I’ve taken her ashes out only a few times since she died, usually in moments of intense grief, where I just want to be with her so much and am faced with the reality that those ashes, and the few locks of hair that we cut from her head after she died, are the only pieces of her physical body that remain for me to touch. One time, I held the bag in my hand and turned it over and over. If you’ve never seen human ashes before, I apologize if this becomes rather graphic, but even after the cremation process, some pieces of bone often remain, not having been fully pulverized. On that day, I found myself turning the bag over and over, looking at each of the pieces of visible bone, trying so hard to find something that looked familiar, perhaps a part of a tooth, or the tip of her nose—I have no idea what I was looking for, really. I just wanted so desperately to see some part of her that I could recognize as her.
Today, as I walked home, I began imagining Hudson as an older child, so many moments that I would never witness. I pictured her with long pigtails like I had when I was a little girl, wearing denim overalls and smiling gleefully as she mastered riding her bike without training wheels. You can imagine that it only took a few seconds of this before I was in tears (do you ever get tired of hearing about how often I cry? I certainly get tired of how often it happens myself.) I cried openly on the whole walk home, not caring whether people passing by in their cars could see me. I got home and for no reason that I can explain, I was just drawn to her playroom in the back of the house. I took her ashes out of their jar and then opened up the keepsake box that holds the plaster cast of her hand (not a handprint mold, but a full 3-D cast of her hand, with her fingers cupped in natural, relaxed position), one of her locks of hair, and the handprints and footprints the PICU nurse made the night she died. I took out the cast of her hand and went into the living room, where I sat down on the sofa and clutched it and her ashes to my chest, sobbing for a very long time. I talked to her and said, for the millionth time, how much I miss her, how much I love her, how very sorry I am for her that she is not here to have so much fun with us, how precious her life is to us, and on and on. I slipped my right finger inside the cupped fingers of her hand, just like I used to hold her hand when we walked together. And for the first time, I kissed the plaster mold of her hand—I kissed each one of her little fingertips and put the whole thing up against my cheek, remembering what it felt like to hold her beautiful little hand when it was warm and pink and plump. I clutched both things to my chest again and just held them there. It was hard for me to get up and put them back in their places. This has never happened to me before. When I went to put the cast of her hand back, I pulled out the tiny Ziploc baggie that holds one of her locks of hair. One of the things I miss the most about Hudson’s daily physical presence is being able to sweep that beautiful hair off to the right side—it was too short to cut yet, but was getting long enough that it was in her face if I didn’t brush it aside. One of my favorite things to do was to run my hand over it and push it off her sweet face. It was always so soft to the touch. Even now, I sometimes make the same motion on a picture of her, brushing her hair out of her face, remembering the hundreds of times I did it when she was alive—so simple, so ordinary, and yet so intimate a gesture. I realized that it had never occurred to me before that I could open the baggie and actually touch her hair—until today, I’ve always just looked at it. Today, I opened the baggie and reached my hand in and stroked her hair. It felt just as soft as I remembered. I just never imagined that being able to hold and touch these physical remnants of Hudson’s body would ever be so important to me. I couldn’t have been more wrong. Today, I really, really needed them.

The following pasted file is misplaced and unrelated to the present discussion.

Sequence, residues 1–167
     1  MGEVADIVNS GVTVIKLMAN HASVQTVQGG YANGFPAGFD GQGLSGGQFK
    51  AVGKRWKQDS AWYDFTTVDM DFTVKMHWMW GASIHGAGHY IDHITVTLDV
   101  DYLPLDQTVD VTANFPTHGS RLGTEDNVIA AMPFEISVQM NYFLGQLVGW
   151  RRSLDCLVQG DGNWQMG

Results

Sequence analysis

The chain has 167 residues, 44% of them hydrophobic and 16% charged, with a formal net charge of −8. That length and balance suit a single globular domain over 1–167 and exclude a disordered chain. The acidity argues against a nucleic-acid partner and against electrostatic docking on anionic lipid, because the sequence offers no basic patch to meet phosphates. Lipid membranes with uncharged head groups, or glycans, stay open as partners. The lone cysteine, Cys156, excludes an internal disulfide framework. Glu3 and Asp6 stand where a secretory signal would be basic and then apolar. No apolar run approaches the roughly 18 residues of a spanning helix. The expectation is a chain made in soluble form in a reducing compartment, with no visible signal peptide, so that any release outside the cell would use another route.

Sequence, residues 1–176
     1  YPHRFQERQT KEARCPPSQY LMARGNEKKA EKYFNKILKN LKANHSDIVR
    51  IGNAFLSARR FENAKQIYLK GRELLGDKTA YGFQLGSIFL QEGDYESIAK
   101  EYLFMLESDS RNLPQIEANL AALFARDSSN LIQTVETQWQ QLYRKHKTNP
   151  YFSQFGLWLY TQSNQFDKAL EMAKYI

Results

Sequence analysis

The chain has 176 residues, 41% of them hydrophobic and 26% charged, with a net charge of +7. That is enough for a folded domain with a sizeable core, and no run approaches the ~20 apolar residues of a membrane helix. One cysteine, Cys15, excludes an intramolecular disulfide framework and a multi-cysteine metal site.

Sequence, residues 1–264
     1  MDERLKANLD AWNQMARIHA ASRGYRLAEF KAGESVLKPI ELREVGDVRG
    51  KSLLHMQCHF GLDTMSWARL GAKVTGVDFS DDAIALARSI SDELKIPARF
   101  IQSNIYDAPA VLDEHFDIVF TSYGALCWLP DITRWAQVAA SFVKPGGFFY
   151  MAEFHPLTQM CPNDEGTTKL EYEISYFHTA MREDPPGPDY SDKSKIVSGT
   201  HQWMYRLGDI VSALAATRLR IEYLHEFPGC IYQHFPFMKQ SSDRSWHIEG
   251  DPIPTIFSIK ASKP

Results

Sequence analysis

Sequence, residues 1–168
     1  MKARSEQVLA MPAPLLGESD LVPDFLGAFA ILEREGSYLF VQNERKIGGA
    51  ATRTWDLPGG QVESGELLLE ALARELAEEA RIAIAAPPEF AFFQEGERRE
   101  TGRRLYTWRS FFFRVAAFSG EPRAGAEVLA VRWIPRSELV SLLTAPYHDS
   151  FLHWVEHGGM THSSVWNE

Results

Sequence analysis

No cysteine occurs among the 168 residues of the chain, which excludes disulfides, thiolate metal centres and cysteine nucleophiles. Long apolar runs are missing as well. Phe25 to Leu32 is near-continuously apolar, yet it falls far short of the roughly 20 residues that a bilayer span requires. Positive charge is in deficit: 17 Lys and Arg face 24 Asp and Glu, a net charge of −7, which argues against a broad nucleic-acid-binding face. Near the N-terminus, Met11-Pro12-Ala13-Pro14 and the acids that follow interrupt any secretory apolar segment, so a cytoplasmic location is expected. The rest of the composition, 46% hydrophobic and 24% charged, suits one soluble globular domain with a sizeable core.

I still think we will plant a Christmas tree at our eventual permanent home in NC. And I still think we will decorate it every year on her birthday. Whether I’ll ever want to sprinkle her ashes underneath it remains to be seen. For now, they will stay right where they are, tucked inside a slightly imperfect piece of pottery, being hugged by Hudson’s Elmo, where I can take them out and hold them anytime I need to.